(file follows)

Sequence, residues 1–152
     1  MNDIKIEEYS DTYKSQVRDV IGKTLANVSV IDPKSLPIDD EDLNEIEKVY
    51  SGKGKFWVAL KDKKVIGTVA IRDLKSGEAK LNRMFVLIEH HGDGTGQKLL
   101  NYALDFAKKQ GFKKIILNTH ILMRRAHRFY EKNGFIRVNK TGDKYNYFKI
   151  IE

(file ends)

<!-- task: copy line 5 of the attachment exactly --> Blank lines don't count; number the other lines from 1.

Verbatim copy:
   151  IE